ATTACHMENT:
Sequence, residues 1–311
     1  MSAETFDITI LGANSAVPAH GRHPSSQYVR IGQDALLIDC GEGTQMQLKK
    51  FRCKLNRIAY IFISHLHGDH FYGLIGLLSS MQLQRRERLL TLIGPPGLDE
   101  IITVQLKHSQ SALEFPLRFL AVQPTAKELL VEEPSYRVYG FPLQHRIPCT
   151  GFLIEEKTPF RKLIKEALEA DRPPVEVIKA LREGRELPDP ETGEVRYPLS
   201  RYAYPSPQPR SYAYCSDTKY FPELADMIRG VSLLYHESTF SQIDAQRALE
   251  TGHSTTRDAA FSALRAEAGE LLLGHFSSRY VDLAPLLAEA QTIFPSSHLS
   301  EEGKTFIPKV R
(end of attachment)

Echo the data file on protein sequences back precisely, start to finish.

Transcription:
Sequence, residues 1–311
     1  MSAETFDITI LGANSAVPAH GRHPSSQYVR IGQDALLIDC GEGTQMQLKK
    51  FRCKLNRIAY IFISHLHGDH FYGLIGLLSS MQLQRRERLL TLIGPPGLDE
   101  IITVQLKHSQ SALEFPLRFL AVQPTAKELL VEEPSYRVYG FPLQHRIPCT
   151  GFLIEEKTPF RKLIKEALEA DRPPVEVIKA LREGRELPDP ETGEVRYPLS
   201  RYAYPSPQPR SYAYCSDTKY FPELADMIRG VSLLYHESTF SQIDAQRALE
   251  TGHSTTRDAA FSALRAEAGE LLLGHFSSRY VDLAPLLAEA QTIFPSSHLS
   301  EEGKTFIPKV R